Dispatch from a basement in the Rockaways

December 7, 2012: 10:50 AM ET

After Sandy, the long and difficult cleanup continues.

By Ryan Bradley

sandy reliefFORTUNE -- The day started like a bad joke and ended like poetry. How many Fortune editors and writers does it take to clean out a storm-ravaged basement in the Rockaways? The answer was nine, plus our leader, Bizzi (short for Ysabel).

The space was filled with soiled and moldy and sodden stuff. Unexpected objects had become unimaginably heavy -- waterlogged diapers, for instance, felt like bricks. We took out everything and filled nearly 40 extra-large black contractors bags with a lot of it. We wore hardware-store-bought gloves and dust masks and goggles that fogged. Stuff we removed: a refrigerator, a rusted file cabinet, a dressmaker's dummy, two guitars (one electric, one acoustic), a Yamaha keyboard, at least 100 pounds of pulpy material. Stuff we did not: a second refrigerator, too large to fit through the doorway, which we nicknamed the White Whale.

We piled all the bags on the curb and all the way up the sidewalk to the front yard, leaving a space around the fire hydrant in the middle of it all. We had a quick lunch around 12:30. The elderly couple, whose home this was, sat away from us: she in the front, he in the back. I think it must have been painful for them, to see so much of their life rendered garbage, and strange to have it carted away by yuppies from Manhattan. He was a musician; those were his instruments; he wanted to make sure we got pictures of them, for the insurance. Bizzi already had. Bizzi managed to handle most everything.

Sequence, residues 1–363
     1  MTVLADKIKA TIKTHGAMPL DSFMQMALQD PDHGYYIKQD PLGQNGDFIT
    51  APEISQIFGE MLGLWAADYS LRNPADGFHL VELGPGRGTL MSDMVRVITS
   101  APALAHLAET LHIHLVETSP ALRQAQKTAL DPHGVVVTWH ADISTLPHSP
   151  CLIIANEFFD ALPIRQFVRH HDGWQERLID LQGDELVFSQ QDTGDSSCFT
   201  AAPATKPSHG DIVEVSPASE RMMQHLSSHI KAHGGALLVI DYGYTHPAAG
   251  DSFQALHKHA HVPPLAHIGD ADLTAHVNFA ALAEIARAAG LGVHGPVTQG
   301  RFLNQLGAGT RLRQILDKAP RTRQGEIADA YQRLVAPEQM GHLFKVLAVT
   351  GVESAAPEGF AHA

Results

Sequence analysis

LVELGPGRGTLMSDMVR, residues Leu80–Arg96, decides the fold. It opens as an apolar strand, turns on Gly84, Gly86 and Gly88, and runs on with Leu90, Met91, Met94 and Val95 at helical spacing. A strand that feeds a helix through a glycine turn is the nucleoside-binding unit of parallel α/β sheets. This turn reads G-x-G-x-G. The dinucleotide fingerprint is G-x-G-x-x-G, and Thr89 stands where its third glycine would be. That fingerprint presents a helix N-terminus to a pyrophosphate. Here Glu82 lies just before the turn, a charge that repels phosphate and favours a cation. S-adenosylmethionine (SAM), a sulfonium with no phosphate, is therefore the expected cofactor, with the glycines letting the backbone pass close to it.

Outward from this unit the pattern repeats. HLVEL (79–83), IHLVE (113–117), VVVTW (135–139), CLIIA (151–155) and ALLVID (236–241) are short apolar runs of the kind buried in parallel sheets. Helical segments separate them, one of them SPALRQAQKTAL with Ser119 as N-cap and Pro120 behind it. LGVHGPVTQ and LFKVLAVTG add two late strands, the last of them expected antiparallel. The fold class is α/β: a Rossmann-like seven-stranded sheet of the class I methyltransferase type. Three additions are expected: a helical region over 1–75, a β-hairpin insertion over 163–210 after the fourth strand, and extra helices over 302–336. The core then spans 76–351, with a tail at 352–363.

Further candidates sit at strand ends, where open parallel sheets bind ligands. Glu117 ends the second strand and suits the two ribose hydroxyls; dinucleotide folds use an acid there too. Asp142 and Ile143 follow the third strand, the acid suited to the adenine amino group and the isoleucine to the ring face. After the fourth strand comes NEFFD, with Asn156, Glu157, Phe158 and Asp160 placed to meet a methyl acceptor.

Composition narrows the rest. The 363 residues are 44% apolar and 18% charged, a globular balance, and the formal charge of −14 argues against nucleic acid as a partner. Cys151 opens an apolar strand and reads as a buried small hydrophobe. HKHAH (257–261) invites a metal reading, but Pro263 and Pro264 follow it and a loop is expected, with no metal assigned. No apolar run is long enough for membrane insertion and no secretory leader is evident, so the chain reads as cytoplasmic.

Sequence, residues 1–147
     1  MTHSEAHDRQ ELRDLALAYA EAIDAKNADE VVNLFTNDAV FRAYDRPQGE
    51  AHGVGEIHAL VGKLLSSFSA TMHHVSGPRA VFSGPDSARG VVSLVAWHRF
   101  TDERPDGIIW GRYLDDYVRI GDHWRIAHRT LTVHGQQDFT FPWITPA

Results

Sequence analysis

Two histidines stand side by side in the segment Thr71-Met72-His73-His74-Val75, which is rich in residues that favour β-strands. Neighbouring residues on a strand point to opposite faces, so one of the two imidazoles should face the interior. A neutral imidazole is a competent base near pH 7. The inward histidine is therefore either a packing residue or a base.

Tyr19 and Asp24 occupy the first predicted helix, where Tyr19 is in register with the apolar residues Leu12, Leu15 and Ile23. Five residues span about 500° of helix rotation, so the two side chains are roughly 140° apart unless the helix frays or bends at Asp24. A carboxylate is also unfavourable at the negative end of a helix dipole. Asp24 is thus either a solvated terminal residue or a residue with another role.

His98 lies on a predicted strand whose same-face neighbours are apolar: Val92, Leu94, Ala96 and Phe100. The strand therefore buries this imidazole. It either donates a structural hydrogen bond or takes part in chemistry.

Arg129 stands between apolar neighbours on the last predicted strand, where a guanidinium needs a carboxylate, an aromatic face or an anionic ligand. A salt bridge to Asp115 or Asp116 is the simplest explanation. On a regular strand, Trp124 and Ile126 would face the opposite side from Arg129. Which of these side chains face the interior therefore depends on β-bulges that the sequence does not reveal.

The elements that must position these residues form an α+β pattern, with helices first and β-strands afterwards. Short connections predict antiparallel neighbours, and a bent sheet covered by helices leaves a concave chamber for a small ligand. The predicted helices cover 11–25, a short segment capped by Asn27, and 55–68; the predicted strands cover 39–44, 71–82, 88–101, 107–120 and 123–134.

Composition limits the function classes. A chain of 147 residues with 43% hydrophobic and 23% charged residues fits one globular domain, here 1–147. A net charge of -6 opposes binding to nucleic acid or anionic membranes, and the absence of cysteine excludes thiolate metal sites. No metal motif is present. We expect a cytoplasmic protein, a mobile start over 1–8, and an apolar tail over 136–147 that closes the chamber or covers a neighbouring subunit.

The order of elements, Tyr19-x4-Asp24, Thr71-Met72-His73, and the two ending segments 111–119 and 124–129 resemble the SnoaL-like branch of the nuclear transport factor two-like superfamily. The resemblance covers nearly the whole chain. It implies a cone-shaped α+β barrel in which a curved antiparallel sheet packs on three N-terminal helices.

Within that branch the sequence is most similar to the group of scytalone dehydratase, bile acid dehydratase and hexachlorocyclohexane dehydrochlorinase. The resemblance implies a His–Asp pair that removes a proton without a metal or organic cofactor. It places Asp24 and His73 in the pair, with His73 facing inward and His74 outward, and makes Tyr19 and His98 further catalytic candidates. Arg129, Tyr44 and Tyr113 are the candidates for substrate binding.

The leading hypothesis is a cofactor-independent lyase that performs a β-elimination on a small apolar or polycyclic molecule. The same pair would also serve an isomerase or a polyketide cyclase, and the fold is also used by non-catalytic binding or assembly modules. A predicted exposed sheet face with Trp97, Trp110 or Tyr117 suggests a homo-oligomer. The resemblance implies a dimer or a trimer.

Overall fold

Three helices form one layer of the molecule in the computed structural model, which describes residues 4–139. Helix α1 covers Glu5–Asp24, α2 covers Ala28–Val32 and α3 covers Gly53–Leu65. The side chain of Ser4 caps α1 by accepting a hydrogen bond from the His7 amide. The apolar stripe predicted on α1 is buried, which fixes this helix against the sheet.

MORE: Torn apart after Sandy, the Seaport community comes together

After lunch she showed us how to strip a room of drywall, the wood floor, and even the ceiling. We were working in one corner of the room, Bizzi and I, peeling crumby drywall by a fuse box and wall socket, when suddenly she stood up, turned to me and said calmly, "I'm pretty sure I just got electrocuted." She bent back down to investigate, poking a hammer near the socket. Sparks flew out of the wall. "OK," she said, and stood back up. She went over to the fuse box and turned everything off, then she asked us all to leave. Not fifteen minutes later, three fire trucks from two different stations pulled up on either end of the block and a dozen New York firemen spilled out and around the pile of trash. A few filled in the space we left around the hydrant.

The dispatcher told them there was an electrical fire in the basement. There had been some miscommunication. After she was shocked and moved us all outside, Bizzi found some FEMA workers and asked them who to call, given the situation. They said to call 311, the city's information hotline. Before Sandy, Bizzi worked out in Montana, building trails through wilderness. Now she was in charge of a crew of desk jockeys with no demolition experience. And suddenly here were a dozen New York City firemen who wanted answers from her. Worth noting: Bizzi was younger than the youngest of us by at least three years.

She was a total pro. She led a few of the firemen down into the basement and explained the situation. They were incredibly understanding, and kind, and loved that we had taken the day to do this hard and not very glamorous project. One checked the fuse, saw that everything was off, and said: "Don't go near that. It's all rusted out and terrible in there. You can work down here, just stay away from this corner." So we did.

MORE: How Facebook and Twitter changed disaster relief

We stripped the basement of most everything going rotten, including the floor, which was extremely difficult. Above one bit of ceiling, we found a case of old .22-bullets and a purple rabbits foot keychain, for luck. We worked from about 10:30 until 4 and just about cleaned out the whole place. Looking at the space, at the day's end, and considering how it appeared five hours earlier, it felt monumental. And yet it was just one house, one basement -- there were so, so many more. Driving back we passed block after block where such work was still desperately needed.